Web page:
Sugar syrup ratios: which one to use

Sugar syrup is usually made in two different ratios depending on the time of the year. Light syrup or spring syrup is 1 part sugar to 1 part water by either weight or volume. Heavy syrup or fall syrup is made from 2 parts sugar to one part water.

The rationale behind these sugar syrup ratios is that light syrup is similar to nectar. The availability of nectar stimulates the production of brood in the spring, and light syrup tends to do the same thing. With a ready supply of nectar or light syrup, the workers will build comb and the queen will lay eggs. Some people advocate the use of 1 part sugar to 2 parts water to stimulate brood rearing, although this isn’t as common as it used to be.

Fall syrup resembles honey and bees tend to store it for winter. It is used in the fall if the beekeeper feels there is not enough honey stored in the hive to make it through the winter. One gallon of heavy syrup (2:1) may increase colony reserves by about 7 pounds.

It is important to use just plain white granulated sugar, not brown sugar, molasses, sorghum, or fruit juices as these all have impurities that can cause dysentery in bees. Confectioner’s sugar has corn starch in it, which is also not good. Some older recipes recommend the use of cream of tartar (tartaric acid) to keep fall syrup from crystallizing, but this practice has been largely abandoned because it, too, may be bad for bees. Bee dysentery is not a disease caused by a pathogen but a condition caused by poor quality food. It appears as spots of feces around the hive entrance, or inside the hive, and is easily confused with Nosema, which is caused by a pathogen.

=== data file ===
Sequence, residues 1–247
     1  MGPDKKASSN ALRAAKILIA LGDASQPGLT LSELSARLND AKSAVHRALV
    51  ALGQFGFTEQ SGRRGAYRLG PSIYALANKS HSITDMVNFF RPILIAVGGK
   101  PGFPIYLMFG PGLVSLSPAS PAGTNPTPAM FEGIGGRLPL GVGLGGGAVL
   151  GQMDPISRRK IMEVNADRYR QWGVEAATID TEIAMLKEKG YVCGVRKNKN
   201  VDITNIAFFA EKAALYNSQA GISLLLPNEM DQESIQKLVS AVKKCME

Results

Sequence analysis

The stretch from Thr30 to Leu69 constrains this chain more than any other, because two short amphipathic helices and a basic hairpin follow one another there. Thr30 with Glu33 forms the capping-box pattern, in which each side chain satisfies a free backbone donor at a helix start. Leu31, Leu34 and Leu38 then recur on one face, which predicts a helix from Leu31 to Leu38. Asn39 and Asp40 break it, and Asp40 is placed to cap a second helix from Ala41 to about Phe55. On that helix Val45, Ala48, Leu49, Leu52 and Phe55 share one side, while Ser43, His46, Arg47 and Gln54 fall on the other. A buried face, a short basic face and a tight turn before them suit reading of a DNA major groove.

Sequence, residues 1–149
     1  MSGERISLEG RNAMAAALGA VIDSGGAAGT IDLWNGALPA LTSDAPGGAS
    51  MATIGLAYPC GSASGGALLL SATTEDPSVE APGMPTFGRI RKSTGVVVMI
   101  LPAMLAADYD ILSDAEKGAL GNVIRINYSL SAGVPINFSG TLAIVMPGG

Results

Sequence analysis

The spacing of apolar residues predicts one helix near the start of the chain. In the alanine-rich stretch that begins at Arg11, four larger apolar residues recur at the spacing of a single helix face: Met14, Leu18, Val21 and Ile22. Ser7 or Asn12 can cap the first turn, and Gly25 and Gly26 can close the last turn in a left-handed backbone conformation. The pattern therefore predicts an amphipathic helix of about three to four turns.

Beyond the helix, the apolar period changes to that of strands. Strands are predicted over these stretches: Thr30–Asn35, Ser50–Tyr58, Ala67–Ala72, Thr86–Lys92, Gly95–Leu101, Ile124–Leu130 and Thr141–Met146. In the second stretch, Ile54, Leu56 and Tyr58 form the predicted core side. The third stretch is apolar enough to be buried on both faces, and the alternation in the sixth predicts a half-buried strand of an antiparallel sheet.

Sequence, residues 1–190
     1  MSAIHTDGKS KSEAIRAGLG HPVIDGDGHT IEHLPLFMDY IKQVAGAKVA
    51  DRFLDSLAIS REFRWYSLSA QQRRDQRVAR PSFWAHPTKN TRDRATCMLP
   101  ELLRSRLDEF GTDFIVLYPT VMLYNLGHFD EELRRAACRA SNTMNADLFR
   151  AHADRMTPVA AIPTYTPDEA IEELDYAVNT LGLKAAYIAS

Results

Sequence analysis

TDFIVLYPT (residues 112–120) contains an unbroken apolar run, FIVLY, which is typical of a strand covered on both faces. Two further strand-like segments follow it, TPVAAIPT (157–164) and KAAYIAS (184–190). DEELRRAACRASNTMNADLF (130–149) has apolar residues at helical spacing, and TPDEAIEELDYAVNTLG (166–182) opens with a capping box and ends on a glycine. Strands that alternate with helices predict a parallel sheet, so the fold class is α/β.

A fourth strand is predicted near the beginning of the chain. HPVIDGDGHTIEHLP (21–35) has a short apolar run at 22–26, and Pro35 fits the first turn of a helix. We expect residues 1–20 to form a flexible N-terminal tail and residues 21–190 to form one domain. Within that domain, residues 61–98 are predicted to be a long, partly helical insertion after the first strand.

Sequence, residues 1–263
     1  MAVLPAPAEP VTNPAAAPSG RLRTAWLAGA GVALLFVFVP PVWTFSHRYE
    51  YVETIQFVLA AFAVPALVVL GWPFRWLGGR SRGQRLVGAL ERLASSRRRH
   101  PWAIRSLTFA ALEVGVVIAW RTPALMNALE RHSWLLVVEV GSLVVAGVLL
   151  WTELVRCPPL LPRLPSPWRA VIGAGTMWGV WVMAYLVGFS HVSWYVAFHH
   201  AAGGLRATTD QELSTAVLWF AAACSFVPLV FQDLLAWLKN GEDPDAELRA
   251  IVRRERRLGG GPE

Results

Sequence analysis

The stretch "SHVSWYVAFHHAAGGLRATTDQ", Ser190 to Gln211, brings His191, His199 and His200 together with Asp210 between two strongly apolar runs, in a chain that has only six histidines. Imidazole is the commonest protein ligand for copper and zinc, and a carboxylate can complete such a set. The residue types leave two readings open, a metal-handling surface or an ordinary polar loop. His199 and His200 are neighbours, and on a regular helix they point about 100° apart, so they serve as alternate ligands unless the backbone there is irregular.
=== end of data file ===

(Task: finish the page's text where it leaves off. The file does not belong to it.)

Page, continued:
The source of the plain white sugar doesn’t really matter. Refined table sugar (sucrose) is a disaccharide derived from glucose and fructose, and has the molecular formula C12H22O11. It is the same whether it came from cane or beets.

In the spring, discontinue syrup when the hive is strong and the nectar is flowing, when the bees lose interest in syrup, or when you install a honey super. In the fall when the weather gets cold enough, the bees will simply stop taking the syrup. When that happens, remove the remaining syrup to prevent fermentation or moisture build-up in the hive.




Any idea of how much honey bees can make from a gallon of 2:1 sugar syrup?



The real answer to this question is zero. Bees can’t make any honey from a gallon of sugar syrup because honey is made from nectar.

However, if you mean how much capped syrup can they make, I will give you a very loose estimate.

A gallon of 2:1 syrup is 2/3 sugar and 1/3 water so it is roughly 66% sugar and 34% water. Now, the bees cap nectar at about 17-18% water and we can assume they do the same for syrup. So to get to 17% water, they need to lose about 1/2 of the water in 2:1 syrup. So they are need to lose 1/2 of 1/3 of the gallon, or 1/6. If you assume there are 128 ounces in a gallon, then there are about 21 ounces in 1/6 of a gallon. So 128-21=107 ounces of dehydrated “cappable” 17% syrup.

107 ounces is about 84% of a gallon or 3 quarts and 11 ounces.

Debbi Jaeger Cannizzaro

Thank you for your scientific analysis of what happens with the bees and the sugar syrups. I tend to analyze everything, so this makes so much more sense to me. The Honey Suite is now on my contact list for information, good info. There is so much out there, I could ask 10 keepers a question and get 12 different answers. I am a new keeper (my first year) and am trying to be an information sponge. I want to be the best beekeeper that I can bee.
Thanks again, DJC


Thank you, Debbi.